Alexis Valdés, the well-known Cuban actor and comedian, began performing the monologue “Defending the Caveman” at the Trail Theater in Miami on Sept. 6, 2013. It is a piece written in 1991 by U.S. actor Rob Becker, who won the Laurence Olivier Award for best entertainment that same year.
In January of 2013, after five years of producing, directing and hosting the Mega TV show “Esta Noche Tu Night,” Valdés left the program. The comedy show sparked and still sparks great expectations, winning Latino television’s largest audience.
When “Defending the Caveman”—which broke a record for longest-running Broadway show—premiered at the Trail, it was expected to last only through the month of September, with Friday-through-Sunday performances. However, it was so well-received that it remained for many months longer.
It is the first time that a Cuban artist has performed the piece, and Valdés, with his perseverance, dedication, honesty and capacity for hard work, has been handsomely rewarded with the acclaim of public and critics alike.
What was it about “Defending the Caveman” that made you interested in performing it?
I liked what the text was proposing, its intentions of uniting and not dividing—which is something that always moves me—and its universal success. It is a magical piece that tries to explain, in a fun and intelligent way, the differences and disagreements between men and women. It may be the most talked-about recent theater hit in Miami, and I’m grateful for that. Doing “Defending the Caveman” has made me feel like an artist and an actor again.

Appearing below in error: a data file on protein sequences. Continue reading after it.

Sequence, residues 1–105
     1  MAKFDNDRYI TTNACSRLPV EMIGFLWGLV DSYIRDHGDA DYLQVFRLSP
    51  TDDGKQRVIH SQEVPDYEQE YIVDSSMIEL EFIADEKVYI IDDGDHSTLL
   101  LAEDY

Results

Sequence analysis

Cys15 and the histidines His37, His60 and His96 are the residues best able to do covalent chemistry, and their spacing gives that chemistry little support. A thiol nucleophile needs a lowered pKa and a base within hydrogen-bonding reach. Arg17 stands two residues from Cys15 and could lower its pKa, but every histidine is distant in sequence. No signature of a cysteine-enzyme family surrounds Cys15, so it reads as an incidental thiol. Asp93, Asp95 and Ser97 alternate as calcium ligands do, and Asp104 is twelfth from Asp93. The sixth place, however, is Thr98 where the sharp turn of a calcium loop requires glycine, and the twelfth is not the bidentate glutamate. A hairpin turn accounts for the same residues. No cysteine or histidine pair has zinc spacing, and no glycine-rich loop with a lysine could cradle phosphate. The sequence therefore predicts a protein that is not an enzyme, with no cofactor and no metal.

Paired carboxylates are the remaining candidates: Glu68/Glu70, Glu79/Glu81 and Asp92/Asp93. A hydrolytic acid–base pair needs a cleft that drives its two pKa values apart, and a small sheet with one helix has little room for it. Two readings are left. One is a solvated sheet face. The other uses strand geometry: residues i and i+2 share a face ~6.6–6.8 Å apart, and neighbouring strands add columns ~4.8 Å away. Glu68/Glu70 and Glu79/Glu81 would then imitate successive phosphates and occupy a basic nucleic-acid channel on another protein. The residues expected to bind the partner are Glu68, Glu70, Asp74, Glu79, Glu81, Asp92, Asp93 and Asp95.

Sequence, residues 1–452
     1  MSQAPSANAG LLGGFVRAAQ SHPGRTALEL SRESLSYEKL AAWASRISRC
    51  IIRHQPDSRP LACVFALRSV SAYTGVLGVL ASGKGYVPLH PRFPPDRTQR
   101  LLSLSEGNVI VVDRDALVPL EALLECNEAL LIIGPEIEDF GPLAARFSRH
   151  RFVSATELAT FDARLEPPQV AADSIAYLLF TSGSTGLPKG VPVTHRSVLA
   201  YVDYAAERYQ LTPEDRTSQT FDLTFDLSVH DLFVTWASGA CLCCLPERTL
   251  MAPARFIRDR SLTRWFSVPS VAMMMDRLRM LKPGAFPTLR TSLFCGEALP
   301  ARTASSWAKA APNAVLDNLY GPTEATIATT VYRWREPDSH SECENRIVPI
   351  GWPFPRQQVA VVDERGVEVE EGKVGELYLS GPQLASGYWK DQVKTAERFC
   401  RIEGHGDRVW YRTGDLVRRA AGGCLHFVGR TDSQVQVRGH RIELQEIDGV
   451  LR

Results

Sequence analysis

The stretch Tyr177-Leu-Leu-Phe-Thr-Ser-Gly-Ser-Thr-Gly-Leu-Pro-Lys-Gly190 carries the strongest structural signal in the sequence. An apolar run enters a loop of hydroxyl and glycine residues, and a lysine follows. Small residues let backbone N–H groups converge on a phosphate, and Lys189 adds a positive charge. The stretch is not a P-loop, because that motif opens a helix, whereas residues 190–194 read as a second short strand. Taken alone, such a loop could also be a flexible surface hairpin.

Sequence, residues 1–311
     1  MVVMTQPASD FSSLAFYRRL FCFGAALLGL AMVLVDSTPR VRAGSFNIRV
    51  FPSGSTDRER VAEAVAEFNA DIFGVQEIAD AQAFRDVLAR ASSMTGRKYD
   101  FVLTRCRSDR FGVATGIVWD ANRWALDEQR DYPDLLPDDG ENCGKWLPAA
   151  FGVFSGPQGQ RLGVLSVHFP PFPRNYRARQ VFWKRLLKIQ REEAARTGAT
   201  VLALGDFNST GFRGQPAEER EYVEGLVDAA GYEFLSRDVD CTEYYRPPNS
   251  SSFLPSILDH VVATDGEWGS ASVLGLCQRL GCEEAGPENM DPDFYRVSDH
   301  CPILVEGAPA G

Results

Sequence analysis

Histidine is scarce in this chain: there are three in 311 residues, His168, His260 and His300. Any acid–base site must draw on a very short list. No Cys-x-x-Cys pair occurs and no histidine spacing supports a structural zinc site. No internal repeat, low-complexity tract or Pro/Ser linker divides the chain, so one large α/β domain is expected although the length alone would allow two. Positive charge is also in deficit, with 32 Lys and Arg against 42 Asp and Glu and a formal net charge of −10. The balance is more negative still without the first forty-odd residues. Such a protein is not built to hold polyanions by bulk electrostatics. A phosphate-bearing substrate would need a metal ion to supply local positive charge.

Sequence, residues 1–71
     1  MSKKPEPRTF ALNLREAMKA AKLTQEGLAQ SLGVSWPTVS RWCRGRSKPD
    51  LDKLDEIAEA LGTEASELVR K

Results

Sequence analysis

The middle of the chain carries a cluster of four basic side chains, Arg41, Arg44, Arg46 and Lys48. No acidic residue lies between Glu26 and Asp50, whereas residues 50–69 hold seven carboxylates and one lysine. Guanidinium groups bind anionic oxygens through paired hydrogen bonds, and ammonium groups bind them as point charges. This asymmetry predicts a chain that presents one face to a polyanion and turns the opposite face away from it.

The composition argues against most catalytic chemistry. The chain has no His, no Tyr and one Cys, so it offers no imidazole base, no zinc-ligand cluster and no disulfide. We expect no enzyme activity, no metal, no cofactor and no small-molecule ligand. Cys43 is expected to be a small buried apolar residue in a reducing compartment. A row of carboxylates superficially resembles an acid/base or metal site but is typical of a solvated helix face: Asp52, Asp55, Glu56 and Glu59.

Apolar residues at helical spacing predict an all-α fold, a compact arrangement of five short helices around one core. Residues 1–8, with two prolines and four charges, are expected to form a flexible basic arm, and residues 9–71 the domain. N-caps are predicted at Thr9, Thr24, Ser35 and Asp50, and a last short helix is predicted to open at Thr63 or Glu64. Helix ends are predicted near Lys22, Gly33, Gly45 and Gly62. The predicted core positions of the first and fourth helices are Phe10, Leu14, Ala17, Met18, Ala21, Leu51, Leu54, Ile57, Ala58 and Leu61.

This monologue has many different versions; they say more than eight million people in 45 countries have seen it, in 15 languages. What did you contribute to the script?
I gave it my “Cuban-Miami-esque” adaptation; I put in my jokes, ideas, and experiences. I worked on the text for a couple of months. The president of the Icelandic company that owns the rights told me: “For the first 10 minutes, nobody laughs, but don’t worry, because that’s how the piece is.” But I can’t go for 10 minutes without anybody laughing; it depresses me. So I adapted the first 10 minutes.
What has been the reaction from the critics and public?